Yesterday was taking a look at a letter that Mary Kay Inc. wrote to the FTC in 2006. The FTC was coming up with a Business Opportunity rule to protect consumers, and MLMs were scrambling to have themselves exempt from the rule. The gist of the rule that was implemented (and its later revisions) was that it would protect people who were getting involved these “business opportunities” (any sort of work-from home arrangement) and require that certain information be disclosed to them and that they would have a waiting period (a period of time after being given the disclosures, before they could sign the contract). You can see the 2011 version of the business opportunity rule (and the disclosure form) here. The FTC explains more about the rule here.
You might notice that MLM companies aren’t specifically discussed anywhere. So while the FTC doesn’t actually say they’re exempt from these rules, it’s pretty clear in the rule and the discussion of the rule that they aren’t really a part of this. Why? Because the MLMs lobbied so hard to be exempt from it, because God forbid they’d have to make certain disclosures about how terrible the “business opportunity” is.
Mary Kay wrote their letter to the FTC as well, and yesterday I was amused by this portion of their letter:
Requiring a seven day waiting period will stifle this enthusiasm and lessen the chance of the individual’s participation and/or success. In our opinion the presale disclosure requirement is a significant barrier to entry – and makes the simple decision of becoming an Independent Beauty Consultant unnecessarily burdensome and complicated while delaying the ability to “hit the ground running” after her introductory experience.
Furthermore, we believe the proposed Rule’s disclosure requirements and waiting period needlessly creates an “air of suspicion” in the mind of a prospective Independent Beauty Consultant. A prospective Independent Beauty Consultant trusts the Mary Kay experience shared by her family, her friends, and her coworkers. If, in the future, prospective Independent Beauty Consultants are required to be presented with a presale disclosure document and wait a period of time for review, analysis, and examination, it would be natural for her to think “what is wrong here?” despite her general trust in her family and friends’ experience. Such suspicion would be misled in light of our 43 year history with legitimate and ethical business practices coupled with our built-in consumer safeguards, but nonetheless, these concerns would impact Mary Kay’s ability to continue to tell the Mary Kay story. This disclosure requirement would suggest a level of risk that simply does not exist.
Well look at that. It’s a “simple decision” to start a business and invest hundreds or thousands of dollars. Oh I know… They’ll say it’s only a $100 decision because that’s the cost of the starter kit, and anything after that is a separate decision. (Incidentally, it’s one that involves a whole lot of arm twisting, guilt, and con games.)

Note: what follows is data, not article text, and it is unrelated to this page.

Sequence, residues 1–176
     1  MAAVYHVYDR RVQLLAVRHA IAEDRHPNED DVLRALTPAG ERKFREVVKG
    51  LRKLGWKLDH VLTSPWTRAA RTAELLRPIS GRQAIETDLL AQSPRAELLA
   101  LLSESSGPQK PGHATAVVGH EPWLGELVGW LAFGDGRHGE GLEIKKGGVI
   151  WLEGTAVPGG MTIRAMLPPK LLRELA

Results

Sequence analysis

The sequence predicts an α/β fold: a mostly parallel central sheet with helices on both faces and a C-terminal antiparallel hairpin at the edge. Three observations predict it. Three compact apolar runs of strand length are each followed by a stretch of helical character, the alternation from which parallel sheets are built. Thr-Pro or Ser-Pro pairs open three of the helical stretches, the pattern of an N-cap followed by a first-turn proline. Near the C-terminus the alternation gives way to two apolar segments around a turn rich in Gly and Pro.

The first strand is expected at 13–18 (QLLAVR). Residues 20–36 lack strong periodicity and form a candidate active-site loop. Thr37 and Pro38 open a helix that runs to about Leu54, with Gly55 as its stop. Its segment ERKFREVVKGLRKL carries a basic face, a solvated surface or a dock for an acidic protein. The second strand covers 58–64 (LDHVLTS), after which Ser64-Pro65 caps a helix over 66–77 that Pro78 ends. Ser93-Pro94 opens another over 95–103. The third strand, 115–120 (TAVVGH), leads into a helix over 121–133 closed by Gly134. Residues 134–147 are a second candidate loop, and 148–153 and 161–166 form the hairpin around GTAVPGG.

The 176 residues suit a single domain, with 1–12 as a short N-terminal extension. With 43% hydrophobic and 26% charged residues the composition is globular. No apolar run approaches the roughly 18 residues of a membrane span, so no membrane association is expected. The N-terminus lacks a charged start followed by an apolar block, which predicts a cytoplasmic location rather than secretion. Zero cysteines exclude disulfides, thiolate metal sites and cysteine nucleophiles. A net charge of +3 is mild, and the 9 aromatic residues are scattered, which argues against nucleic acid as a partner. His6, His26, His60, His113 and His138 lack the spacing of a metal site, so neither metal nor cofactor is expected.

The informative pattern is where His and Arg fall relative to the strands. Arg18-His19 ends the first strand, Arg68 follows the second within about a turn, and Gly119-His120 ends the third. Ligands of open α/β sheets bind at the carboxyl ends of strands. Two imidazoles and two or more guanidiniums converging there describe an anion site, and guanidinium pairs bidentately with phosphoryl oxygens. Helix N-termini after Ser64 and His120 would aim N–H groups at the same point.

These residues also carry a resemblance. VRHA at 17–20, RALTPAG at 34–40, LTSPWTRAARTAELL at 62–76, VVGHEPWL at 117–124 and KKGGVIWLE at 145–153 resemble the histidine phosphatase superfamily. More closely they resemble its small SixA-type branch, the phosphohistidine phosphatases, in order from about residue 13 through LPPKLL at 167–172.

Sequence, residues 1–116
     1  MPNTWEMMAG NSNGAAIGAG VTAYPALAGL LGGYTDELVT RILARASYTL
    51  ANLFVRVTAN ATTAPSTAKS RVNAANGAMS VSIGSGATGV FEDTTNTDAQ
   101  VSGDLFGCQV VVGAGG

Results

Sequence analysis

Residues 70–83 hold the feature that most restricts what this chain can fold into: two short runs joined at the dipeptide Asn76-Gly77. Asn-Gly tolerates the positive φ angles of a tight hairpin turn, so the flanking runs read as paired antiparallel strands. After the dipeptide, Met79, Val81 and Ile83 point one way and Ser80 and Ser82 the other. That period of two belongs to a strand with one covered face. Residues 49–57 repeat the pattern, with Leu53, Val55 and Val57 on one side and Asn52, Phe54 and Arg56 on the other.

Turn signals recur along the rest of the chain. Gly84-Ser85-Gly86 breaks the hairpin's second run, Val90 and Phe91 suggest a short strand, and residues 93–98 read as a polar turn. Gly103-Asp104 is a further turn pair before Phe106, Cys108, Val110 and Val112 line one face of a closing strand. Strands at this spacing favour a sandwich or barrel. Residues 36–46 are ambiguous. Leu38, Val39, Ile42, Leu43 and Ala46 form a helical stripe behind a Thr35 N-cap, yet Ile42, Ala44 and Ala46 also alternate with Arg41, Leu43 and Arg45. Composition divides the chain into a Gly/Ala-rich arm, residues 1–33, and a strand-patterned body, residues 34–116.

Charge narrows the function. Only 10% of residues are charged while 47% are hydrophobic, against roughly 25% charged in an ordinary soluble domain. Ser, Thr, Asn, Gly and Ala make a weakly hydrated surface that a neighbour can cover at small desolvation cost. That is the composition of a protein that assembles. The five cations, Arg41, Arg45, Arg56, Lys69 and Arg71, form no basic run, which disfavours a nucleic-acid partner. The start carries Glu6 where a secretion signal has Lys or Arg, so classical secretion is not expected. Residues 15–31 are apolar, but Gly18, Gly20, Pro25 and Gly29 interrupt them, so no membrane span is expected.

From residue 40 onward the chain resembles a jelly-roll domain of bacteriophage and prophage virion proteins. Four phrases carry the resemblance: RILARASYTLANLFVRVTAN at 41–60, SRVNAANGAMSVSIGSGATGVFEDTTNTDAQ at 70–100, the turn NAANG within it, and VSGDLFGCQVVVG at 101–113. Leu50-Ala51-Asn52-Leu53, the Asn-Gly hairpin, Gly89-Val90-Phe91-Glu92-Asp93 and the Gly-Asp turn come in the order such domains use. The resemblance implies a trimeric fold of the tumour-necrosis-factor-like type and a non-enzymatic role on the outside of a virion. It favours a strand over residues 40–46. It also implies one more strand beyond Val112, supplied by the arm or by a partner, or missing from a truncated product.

And how dare we stifle some enthusiasm or create an air of suspicion! Mary Kay and others worried that giving people 7 days before they could sign their MLM contracts might make them rethink signing up. No kidding! If people have (true) disclosures about income and they have time to research before they sign up, there are at least some people who will change their minds.
It doesn’t really delay the ability to hit the ground running. If someone wants to sign up for MK, she can go ahead and get the process started, and during her waiting period she could start lining up parties. What a great use of time! It takes some time to set up appointments anyway.
So this air of suspicion… Yes, indeed. There SHOULD be an air of suspicion surrounding MLMs. More than 99% of people lose money in MLM. The fact that Mary Kay Inc. has been skilled at selling their con for decades doesn’t change that fact. It would be natural for her to think what is wrong here??? Yes! Exactly! People should be given time to research this “opportunity.” What is Mary Kay so afraid of? If the company is as wonderful as they say, a week shouldn’t have much impact on recruiting efforts.
Oh, wait. There IS a problem with the company and its bogus business opportunity. And the time would give peopel a chance to research. And they would be more likely to research because they would wonder what might be wrong. And they’d find websites like Pink Truth. And they’d start to see facts about MK that bother them. And they’d see all the tired lines and scripts that were used on them, and realize they’re used on everyone to manipulate them into signing up.
And the concerns of potential recruits “would impact Mary Kay’s ability to continue to tell the Mary Kay story.” Really? You can’t tell your story if people are concerned? No. What you really mean is that it would impact MK’s ability to sell their nonsense to unsuspecting recruits.
The risk that simply does not exist… An outright lie. There is tremendous risk, and women who sign up as Mary Kay consultants are almost assured of not recouping their initial investment. And Mary Kay Inc. knows this.